To tell you the truth, mountain biking isn’t my first love. I like figure-skating. You know: spins, lutzes, triple axels, all that sort of thing. Like that “Dancing on Ice” programme.

When I mention Dancing on Ice though, there’s something I want to make clear: that’s not real figure-skating. The sort of figure-skating I do is out in the wild, away from civilisation, on natural ponds. You know, ones that have bits of stick and dead frogs frozen into their lumpy surface. Sometimes they’re not even completely frozen, but the risk of falling in is all part of the fun.

When I started skating back in the day, it was just me and a couple of mates, scoping out the countryside looking for ponds. Sometimes we’d get creative with an ice pick and some liquid nitrogen. Some people reckon it’s selfish to freeze a pond solid so you can figure-skate on it, but if no-one else is using it, where’s the problem?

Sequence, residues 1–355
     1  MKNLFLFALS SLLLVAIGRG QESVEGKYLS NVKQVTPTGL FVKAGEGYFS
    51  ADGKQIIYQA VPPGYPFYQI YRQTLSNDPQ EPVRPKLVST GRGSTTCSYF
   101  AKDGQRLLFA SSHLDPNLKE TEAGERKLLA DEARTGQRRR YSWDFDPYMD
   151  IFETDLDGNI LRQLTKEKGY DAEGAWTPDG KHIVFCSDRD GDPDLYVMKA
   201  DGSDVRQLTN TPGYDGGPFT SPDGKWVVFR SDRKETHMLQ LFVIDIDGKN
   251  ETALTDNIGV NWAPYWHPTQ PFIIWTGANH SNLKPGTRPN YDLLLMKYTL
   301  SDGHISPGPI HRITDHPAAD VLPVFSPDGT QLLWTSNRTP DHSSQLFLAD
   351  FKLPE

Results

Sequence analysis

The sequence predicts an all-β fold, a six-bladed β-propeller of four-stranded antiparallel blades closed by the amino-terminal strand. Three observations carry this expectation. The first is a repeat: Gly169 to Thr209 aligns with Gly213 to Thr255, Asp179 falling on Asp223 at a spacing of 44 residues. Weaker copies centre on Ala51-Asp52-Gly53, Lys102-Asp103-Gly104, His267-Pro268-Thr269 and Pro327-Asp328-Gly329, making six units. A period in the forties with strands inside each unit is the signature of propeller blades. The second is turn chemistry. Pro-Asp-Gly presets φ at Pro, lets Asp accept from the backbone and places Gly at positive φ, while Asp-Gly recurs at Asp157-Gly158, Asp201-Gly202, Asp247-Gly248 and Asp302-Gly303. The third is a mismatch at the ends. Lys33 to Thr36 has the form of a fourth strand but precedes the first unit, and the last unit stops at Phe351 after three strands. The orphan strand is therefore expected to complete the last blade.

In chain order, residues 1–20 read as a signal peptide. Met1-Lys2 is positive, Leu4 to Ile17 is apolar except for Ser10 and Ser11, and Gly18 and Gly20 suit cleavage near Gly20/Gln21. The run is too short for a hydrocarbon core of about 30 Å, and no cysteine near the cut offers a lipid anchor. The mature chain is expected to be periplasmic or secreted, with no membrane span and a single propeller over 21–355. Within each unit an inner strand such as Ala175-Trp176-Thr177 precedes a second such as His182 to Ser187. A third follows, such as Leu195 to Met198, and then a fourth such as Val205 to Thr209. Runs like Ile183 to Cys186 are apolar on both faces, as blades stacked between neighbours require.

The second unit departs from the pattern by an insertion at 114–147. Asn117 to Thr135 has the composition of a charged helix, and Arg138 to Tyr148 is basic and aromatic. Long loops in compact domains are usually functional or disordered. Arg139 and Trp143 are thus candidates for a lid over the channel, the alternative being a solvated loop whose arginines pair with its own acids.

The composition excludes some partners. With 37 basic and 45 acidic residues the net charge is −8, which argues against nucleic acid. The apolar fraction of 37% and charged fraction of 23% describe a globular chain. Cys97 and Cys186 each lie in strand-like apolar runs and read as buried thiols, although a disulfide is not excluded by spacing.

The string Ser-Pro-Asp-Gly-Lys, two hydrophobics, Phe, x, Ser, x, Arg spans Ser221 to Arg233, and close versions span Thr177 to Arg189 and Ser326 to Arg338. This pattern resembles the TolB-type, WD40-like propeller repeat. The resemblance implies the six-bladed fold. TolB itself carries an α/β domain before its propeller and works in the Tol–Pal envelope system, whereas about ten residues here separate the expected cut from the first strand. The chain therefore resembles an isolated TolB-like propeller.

Now ice rinks have started popping up everywhere, the sport has totally changed for the worse. Anyone can do it year-round, but it’s a completely sanitised experience. I reckon most of these new-school figure-skaters are more interested in eating Slush Puppies and chips in the cafe, or posing in the car park with their fancy skates.

By making the ice all smooth, they’re taking all the fun out of it. It’s an extreme sport FFS! There are a whole generation of figure-skaters out there who’ve never had to jump over a frozen otter, or fish their friend out from under some ice. And don’t get me started on the Olympics! How easy did that rink look?

Come skating with me at some point and I’ll show you all my favourite ponds. If it’s been a mild winter they might not be in peak condition – in fact you might not be able to skate on them at all – but I can still bore you stupid with lots of stories about how once I skated there and it was the best day ever.

Remember, figure-skating started on natural ponds, and if it’s not natural, it’s not figure-skating!